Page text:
As the Percussion Director for the Baltimore Ravens, I’m enjoying watching the members grow as musicians and people throughout the course of the season. Seeing the progress from week to week and thinking back to where they started really drives me to grow as an instructor. It helps motivate me to design a show they enjoy performing and create one that really engages the crowd.
The challenges are different for everyone in the organization, depending on your role and responsibilities. As a member of the drumline, it’s difficult to memorize all music we need for each field performance. When we are playing stand tunes in a concert setting, we have stands and binders. But the drumline needs to completely memorize any field performance, along with exercises, the cadence, and 3rd quarter breaks.
In my current role, the challenge is to effectively communicate and delegate every task we need to accomplish while minimizing members’ stress. There is no way we can create a stress-free environment with all the external factors we can’t control, like rehearsal constraints or last minute gigs and changes. But we will do everything in our power to provide a positive and enriched environment where members feel they can surmount every obstacle in their path. Luckily, I have a great team in the Percussion Instructor Eric Carr and the Section Leaders Allen Kessel, Kim Smith, Matt Rice, and Raishawn Jones. The drumline’s success is due to the hard work and consistency from these leaders. It’s a pleasure to work with them and I couldn’t ask for a better team and friends.
The most memorable moment in my time with the Ravens was our trip last season to Canton, Ohio for Ray Lewis’ induction into the Pro Football Hall of Fame. With the Ravens playing the Bears at the Hall of Fame game and the drumline’s success with 3rd quarter breaks, we were asked to perform a 4-minute drum solo during halftime. We of course obliged, so we got to Ohio a few days before the full band joined us for the Hall of Fame parade.
Since we left early, we were able to do a few performances at the fan fest, like competing in a drum battle with the Chicago Bears Drumline! We couldn’t have asked for a greater group of people to meet and drum against; they are a high class organization. On Friday we had some free time, and the Ravens were gracious enough to get us tickets to the Rock and Roll Hall of Fame for the day. Afterwards, some of us decided to venture off to catch a Cleveland Indians game against the Los Angeles Angels. The rest of the band joined us on Saturday for the Hall of Fame parade, and then the drumline did one last performance at the fan fest.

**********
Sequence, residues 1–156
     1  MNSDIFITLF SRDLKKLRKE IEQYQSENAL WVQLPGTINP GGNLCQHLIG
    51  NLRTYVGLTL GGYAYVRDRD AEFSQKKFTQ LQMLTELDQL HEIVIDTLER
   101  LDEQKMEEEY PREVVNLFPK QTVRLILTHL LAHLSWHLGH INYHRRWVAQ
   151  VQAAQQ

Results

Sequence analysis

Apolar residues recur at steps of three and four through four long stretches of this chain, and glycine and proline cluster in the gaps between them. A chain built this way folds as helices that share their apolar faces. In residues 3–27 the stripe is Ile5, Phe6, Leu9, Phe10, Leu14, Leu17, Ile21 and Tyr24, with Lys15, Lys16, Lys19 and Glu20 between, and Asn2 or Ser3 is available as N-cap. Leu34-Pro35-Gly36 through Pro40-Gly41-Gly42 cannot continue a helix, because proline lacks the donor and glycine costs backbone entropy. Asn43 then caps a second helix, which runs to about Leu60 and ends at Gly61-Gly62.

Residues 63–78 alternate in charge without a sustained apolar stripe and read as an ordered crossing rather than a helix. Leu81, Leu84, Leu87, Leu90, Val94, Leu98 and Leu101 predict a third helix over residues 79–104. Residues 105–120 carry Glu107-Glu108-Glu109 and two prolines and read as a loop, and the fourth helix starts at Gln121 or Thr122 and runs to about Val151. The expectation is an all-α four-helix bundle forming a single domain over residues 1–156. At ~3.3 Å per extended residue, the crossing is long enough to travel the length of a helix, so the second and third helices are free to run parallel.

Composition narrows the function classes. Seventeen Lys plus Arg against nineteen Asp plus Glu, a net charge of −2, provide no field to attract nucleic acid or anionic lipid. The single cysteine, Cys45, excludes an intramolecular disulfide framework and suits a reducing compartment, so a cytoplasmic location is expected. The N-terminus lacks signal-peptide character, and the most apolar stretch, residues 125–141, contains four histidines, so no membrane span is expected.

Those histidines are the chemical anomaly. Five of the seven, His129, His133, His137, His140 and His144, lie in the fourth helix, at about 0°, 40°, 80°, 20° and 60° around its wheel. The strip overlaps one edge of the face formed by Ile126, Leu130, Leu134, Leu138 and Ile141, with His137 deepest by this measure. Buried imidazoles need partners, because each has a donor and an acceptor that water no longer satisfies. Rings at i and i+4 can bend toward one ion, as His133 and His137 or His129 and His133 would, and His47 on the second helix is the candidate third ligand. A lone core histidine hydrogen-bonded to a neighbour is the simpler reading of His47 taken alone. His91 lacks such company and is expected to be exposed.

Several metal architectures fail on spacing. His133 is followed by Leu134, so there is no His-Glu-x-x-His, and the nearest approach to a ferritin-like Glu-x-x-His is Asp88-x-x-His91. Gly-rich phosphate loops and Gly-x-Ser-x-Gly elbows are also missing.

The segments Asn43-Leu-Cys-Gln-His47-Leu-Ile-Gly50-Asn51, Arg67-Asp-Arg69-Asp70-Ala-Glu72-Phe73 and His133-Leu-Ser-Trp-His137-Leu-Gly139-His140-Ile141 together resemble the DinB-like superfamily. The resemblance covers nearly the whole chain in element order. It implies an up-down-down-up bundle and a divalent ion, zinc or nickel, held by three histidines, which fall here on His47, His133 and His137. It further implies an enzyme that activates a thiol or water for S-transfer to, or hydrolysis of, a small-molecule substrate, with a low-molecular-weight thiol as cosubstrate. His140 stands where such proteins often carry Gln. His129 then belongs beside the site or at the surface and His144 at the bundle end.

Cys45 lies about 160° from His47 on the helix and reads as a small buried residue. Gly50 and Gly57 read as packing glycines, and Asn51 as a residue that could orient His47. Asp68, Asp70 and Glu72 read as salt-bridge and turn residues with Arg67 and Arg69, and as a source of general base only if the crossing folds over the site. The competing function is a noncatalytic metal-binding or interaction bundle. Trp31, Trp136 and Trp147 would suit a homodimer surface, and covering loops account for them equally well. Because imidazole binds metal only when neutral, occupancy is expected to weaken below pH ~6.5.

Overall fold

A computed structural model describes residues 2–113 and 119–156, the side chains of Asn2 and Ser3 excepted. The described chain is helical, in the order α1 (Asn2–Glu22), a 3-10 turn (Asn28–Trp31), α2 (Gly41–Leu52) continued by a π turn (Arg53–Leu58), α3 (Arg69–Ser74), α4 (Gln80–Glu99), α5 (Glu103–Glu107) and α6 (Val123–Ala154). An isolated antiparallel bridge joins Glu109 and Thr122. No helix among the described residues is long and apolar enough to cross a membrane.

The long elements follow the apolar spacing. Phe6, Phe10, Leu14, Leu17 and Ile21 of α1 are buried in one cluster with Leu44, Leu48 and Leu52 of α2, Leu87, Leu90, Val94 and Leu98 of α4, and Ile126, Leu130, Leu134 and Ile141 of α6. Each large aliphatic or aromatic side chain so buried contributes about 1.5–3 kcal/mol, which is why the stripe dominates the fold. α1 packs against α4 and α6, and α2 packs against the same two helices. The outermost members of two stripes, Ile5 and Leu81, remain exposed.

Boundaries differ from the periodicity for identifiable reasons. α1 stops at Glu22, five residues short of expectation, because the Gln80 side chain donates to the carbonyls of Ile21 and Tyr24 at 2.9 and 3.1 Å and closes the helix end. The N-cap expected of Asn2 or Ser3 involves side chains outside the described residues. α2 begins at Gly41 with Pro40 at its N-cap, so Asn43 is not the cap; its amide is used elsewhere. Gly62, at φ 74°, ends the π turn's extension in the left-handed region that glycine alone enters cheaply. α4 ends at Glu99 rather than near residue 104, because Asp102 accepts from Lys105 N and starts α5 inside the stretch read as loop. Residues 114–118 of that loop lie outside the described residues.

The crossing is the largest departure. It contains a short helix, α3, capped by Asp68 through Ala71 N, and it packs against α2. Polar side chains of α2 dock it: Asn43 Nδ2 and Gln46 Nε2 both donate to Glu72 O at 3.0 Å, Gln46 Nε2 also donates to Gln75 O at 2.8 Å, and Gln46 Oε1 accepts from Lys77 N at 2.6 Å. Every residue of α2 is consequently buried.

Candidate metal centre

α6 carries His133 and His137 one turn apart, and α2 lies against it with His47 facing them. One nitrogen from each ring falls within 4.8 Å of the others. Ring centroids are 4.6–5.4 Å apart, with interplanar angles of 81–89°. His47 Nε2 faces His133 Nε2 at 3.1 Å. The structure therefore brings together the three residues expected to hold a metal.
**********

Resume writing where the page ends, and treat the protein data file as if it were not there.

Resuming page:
These once-in-a-lifetime moments and trips are ones I truly cherish. The moments we created together – and the bonds we formed – are the things that I will remember forever.
The Ravens hold an open audition every year for anyone aged 18 or older. Auditions are held in April, with rehearsals starting in May and continuing until the season is over or the Ravens are eliminated from the playoffs. The skills needed to be a member of the Marching Ravens can be taught but it is preferred you have experience (whether it be from high school, college, or a drum corps). I’ve been fortunate enough to have the support of Dan Delong, Jason Keller, and John Ziemann, the President of Marching Ravens, over the years to help me get to this position. If it wasn’t for each one of them, I wouldn’t be where I am now and I’m truly grateful for their support.
My advice would be to grind, make smart decisions, be consistent, and don’t give up. People will try to tell you what they think you are or should be, but that just gives you the opportunity to prove them wrong and become what you know you can be.
Jayson Hart-Smith is the Percussion Director with the Baltimore Marching Ravens. His drumline experience started at Calvert Hall College High School in Towson, Maryland where he played all four years. By his junior year, he joined the Bushwackers Drum & Bugle Corps, completing ten seasons over the next twelve years. He served the majority of his time in the bassline, becoming Percussion Manager in 2016. Jayson also marched in other world class organizations such as Crossmen Drum & Bugle Corps, United Percussion, and The Reading Buccaneers. While playing bass drum with these organizations, he earned the honors of three-time WGI Finalist, DCI Semi-Finalist, and DCA World Champions with Best Percussion.
Photo credit: Baltimore Ravens